- make it harder for larger tax-exempt organizations to attract and retain top talent, by imposing a new 20% tax on annual compensation of over $1 million per year paid to any of their top 5 highest paid employees (including certain severance payments);
- reduce revenues, by eliminating certain tax incentives to make charitable donations;
- eliminate critical low-cost financing for hospitals and universities from tax-exempt bonds;
- make certain employee benefits more expensive, by taxing organizations that pay certain fringe benefits and taxing employees on certain employer-provided education and tuition assistance; and
- add new pressures on Section 501(c)(3) organizations to support or oppose political candidates, by loosening the current absolute prohibition against political activity.
Last month, the New Jersey State Senate introduced Senate Bill 3518 (the “Bill”), which, if passed, will severely restrict the use and enforceability of employee non-compete agreements in the state of New Jersey. Most significantly, the Bill would: (1) prohibit entering or enforcing non-compete agreements with certain groups of employees; (2) require employers to pay full wages, salary, and benefits to employees during their non-compete period: (3) prohibit applying an arbitration provision or other such restriction to non-compete provisions; and (4) allow employees a private right of action for any statutory violation. The passage of the Bill would be a significant departure from current New Jersey law which generally enforces non-compete agreements and other restrictive covenants provided that they are reasonable in scope, protect legitimate business interests, and are not unduly burdensome on the employee or against public policy. Continue Reading
California Assembly Bill (AB 450) is a bold move by the State Legislature to enter the I-9 arena – an area that has long been recognized as within the domain of the federal government. The Bill was signed by Governor Jerry Brown in October 2017 and becomes law on January 1, 2018.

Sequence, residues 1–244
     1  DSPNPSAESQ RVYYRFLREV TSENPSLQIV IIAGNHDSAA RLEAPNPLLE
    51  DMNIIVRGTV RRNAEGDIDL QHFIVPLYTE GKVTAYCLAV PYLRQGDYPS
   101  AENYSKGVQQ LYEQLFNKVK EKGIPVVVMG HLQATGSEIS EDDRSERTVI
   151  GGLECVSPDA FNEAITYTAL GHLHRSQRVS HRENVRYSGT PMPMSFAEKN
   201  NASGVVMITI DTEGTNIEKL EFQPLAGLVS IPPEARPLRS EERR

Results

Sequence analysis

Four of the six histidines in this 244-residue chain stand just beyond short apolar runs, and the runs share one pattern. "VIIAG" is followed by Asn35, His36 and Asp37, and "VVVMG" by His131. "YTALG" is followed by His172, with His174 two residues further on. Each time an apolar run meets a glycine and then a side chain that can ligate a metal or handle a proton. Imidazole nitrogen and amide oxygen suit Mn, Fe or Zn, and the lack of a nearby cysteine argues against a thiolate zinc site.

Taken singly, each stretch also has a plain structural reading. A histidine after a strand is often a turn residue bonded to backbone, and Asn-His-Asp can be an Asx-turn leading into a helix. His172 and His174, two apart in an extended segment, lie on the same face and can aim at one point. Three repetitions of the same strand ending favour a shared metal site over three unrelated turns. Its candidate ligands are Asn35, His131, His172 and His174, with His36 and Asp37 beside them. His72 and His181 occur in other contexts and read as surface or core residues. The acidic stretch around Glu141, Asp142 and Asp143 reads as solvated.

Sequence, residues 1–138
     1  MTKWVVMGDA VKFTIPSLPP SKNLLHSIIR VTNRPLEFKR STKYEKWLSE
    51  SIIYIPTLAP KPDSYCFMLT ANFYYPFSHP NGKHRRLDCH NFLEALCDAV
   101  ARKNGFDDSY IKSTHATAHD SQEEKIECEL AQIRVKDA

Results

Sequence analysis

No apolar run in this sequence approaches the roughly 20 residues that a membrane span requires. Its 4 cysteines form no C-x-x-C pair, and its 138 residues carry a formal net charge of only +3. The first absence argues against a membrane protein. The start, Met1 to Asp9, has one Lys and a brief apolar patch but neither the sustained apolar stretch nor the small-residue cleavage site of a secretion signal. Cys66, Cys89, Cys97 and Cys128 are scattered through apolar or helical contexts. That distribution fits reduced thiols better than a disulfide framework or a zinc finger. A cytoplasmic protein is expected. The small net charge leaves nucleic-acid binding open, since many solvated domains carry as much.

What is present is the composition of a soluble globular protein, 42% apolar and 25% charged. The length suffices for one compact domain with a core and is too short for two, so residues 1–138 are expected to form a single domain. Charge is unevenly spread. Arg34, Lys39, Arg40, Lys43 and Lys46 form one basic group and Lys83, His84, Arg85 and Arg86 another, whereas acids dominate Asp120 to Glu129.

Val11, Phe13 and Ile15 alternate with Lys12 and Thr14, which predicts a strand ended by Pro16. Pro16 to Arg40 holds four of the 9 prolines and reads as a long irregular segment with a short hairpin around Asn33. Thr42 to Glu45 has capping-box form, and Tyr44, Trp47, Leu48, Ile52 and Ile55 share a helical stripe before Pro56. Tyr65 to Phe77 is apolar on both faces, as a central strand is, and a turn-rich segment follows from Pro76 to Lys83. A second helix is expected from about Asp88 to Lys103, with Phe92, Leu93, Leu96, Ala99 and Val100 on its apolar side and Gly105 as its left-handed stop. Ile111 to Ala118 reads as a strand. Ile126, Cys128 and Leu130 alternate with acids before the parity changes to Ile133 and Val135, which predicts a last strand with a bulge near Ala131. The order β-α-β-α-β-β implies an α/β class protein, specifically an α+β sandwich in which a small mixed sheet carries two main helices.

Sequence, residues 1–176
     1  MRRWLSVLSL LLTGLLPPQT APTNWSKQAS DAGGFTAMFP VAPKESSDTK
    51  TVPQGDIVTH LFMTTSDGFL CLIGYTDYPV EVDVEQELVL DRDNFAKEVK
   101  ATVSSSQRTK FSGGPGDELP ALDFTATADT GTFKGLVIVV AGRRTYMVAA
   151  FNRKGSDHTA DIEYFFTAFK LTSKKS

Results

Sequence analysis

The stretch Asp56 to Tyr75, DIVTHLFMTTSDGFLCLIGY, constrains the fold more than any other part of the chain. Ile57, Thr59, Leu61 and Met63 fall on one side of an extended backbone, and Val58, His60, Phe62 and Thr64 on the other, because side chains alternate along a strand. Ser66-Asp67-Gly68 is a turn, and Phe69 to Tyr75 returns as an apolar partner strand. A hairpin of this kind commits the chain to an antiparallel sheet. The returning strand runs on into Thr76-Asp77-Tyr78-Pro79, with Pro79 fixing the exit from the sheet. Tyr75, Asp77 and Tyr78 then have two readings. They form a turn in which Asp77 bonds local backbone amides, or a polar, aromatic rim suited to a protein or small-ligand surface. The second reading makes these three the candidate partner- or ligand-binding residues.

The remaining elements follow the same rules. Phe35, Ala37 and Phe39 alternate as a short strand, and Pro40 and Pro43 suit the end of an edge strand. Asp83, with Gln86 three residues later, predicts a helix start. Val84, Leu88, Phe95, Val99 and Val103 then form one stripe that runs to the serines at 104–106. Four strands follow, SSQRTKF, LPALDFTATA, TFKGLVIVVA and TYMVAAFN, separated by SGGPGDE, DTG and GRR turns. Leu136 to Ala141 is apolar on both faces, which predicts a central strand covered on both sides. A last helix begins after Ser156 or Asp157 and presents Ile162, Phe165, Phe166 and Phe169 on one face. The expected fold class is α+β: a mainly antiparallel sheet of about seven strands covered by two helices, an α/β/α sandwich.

The Bill amends the state Labor and Government codes and requires California employers to perform various notifications to their employees if U.S. Immigration and Customs Enforcement (ICE) audits the company’s I-9’s. Continue Reading
The California Court of Appeal recently held that employees’ workers’ compensation decisions barred them from pursuing similar claims under the Fair Employment and Housing Act (“FEHA”) based on the doctrine of res judicata. Continue Reading
In the wake of a deluge of sexual harassment accusations being leveled against high profile figures, and the ensuing #MeToo social media movement, some legislators and judges have been eager to expand protections for certain individuals they see as particularly vulnerable to sexual harassment and assault, including hotel workers. Continue Reading
On November 7, 2017, after a four-day trial, a federal jury in Los Angeles, California returned a verdict in favor of Dollar Tree Stores, Inc. in a class action filed against the company by former employee Francisca Guillen. The case was pending in the Central District of California before Hon. Michael W. Fitzgerald. Continue Reading